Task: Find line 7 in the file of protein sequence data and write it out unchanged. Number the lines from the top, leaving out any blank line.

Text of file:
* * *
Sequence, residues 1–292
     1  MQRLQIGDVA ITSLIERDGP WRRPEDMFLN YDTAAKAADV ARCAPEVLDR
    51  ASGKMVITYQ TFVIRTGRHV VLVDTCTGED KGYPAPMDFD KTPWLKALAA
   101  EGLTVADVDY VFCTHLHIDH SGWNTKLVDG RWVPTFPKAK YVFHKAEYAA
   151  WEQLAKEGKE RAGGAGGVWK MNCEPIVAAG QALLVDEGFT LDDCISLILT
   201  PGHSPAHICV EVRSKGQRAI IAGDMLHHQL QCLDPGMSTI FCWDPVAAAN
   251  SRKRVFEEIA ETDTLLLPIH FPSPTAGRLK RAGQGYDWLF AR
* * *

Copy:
   251  SRKRVFEEIA ETDTLLLPIH FPSPTAGRLK RAGQGYDWLF AR